German actor-director Ina Weisse brings a sense of quiet severity to her latest film The Audition, which intimately follows Anna (Nina Hoss), a violin instructor at a high school that specializes in gifted musicians, as she begins to project her own thwarted potential onto her new pupil Alexander (newcomer Ilja Monti) and finds herself so invested in his success that her anxieties and resentments about resigning herself to a life of mundane normalcy bubble to the surface and soon infect her relationships with everyone around her.
It’s a simple, not particularly innovative idea—think Whiplash but with the POV reversed and less overt psychological warfare—however it does strike a very interesting dynamic between Anna and her husband (Simon Abkarian). He used to be a promising musician as well but in his age has grown to accept his role as not just a humble luthier who takes pride in his craft, but also as father to their son who is still in the early stages of deciding what he wants to pursue and doesn’t give his violin much more attention than he does hockey practice. Something that the father sees as perfectly normal for a child but Anna cannot bring herself to approve of; she ties that disinterest to idleness and weakness.
Nina Hoss is appropriately volatile in the role, her eyes working double-time as Anna’s sudden desires and decisions become more and more unhinged and Wiesse’s camera gets progressively tighter, locking us into the ways in which her performance of a content home life soon bleeds into a late pursuit of professional stardom that goes hand-in-hand with an affair and eventually psychological and physical abuse.
“Your mother always viewed her illness as a lack of discipline,” Anna’s father says about his Alzheimer-stricken wife late in the film, revealing a mode of thinking that appears to be hereditary, and Weisse manages to apply that in her own filmmaking by adopting a mechanical repetition of Anna’s day-to-day life (a formal irony considering Anna herself tells Alexander that repetition is a contradiction to expression) occasionally punctuated by her resistance.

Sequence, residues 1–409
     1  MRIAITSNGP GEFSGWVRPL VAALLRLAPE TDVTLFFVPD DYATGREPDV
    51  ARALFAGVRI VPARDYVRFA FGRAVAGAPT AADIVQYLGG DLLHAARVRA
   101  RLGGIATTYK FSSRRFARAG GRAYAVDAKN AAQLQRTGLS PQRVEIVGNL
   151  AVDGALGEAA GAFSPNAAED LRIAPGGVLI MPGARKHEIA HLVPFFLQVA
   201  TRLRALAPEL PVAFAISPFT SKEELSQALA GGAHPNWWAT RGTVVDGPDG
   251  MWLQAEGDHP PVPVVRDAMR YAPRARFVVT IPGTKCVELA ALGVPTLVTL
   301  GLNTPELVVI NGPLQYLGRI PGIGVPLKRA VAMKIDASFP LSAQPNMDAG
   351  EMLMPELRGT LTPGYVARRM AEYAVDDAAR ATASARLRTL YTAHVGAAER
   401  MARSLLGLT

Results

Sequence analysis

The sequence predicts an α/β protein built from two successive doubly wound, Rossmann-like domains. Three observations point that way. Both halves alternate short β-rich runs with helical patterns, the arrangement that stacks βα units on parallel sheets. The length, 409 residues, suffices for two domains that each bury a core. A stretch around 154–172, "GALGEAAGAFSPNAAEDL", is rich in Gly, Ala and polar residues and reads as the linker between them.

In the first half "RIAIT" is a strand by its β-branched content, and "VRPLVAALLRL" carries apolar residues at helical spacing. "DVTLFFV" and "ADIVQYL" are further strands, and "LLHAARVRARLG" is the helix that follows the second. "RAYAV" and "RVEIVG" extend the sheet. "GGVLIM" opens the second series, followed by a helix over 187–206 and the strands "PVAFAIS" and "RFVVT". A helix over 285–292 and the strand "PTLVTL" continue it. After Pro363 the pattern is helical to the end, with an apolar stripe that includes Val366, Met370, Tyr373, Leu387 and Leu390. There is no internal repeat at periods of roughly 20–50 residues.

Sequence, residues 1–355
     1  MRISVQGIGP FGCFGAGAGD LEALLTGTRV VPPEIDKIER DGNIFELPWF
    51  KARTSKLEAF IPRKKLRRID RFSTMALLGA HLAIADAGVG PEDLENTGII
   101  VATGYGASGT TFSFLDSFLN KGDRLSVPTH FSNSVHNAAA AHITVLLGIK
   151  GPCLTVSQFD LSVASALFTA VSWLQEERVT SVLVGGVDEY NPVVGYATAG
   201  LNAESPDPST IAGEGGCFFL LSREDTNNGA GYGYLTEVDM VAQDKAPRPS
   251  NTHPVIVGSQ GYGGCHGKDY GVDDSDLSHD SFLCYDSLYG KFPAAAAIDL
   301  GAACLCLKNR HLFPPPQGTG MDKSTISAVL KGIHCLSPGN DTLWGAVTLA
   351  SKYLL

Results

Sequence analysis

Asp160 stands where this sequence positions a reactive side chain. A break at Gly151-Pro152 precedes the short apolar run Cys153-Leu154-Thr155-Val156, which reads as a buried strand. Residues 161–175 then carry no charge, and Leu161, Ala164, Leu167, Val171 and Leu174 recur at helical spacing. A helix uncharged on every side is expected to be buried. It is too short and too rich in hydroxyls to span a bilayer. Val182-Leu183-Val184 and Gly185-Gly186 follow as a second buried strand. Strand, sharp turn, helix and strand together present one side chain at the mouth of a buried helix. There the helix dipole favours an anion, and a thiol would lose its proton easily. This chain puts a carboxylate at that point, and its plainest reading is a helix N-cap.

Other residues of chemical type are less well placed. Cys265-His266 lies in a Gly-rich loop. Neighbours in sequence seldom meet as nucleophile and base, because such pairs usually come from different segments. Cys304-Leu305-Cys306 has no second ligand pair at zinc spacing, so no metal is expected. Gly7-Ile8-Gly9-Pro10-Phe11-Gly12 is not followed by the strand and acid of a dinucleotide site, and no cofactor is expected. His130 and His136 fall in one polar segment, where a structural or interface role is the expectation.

Neither her family nor her health will prevent her from achieving something greater than the ordinary and routine. Though as the film progresses she does begin to accept the passage of time. There’s a beautiful scene where her husband plays Anna a piece of music she recorded when she was younger and no longer recognizes it: “Same instrument, yes, but it’s different.” Similar to Denzel Washington’s character in Spike Lee’s wonderful film He Got Game, she finds solace in children as potential vessels for her hopes and burdens, whether they’re interested or not–and no matter the psychology toll.
All these threads subtly climax in a tragic conclusion which is much less shocking than the film thinks it is but is still strangely thorny in its unspoken, almost tranquil suggestion that discipline and success might require breaking some norms of civility, and that maybe violence is just another avenue of disciplined pursuit. Anna finds herself comforted that someone else in her life agrees and maybe has more determination than she previously thought. Finding out exactly who is one of the film’s pleasures.
The Audition screened at the Toronto International Film Festival.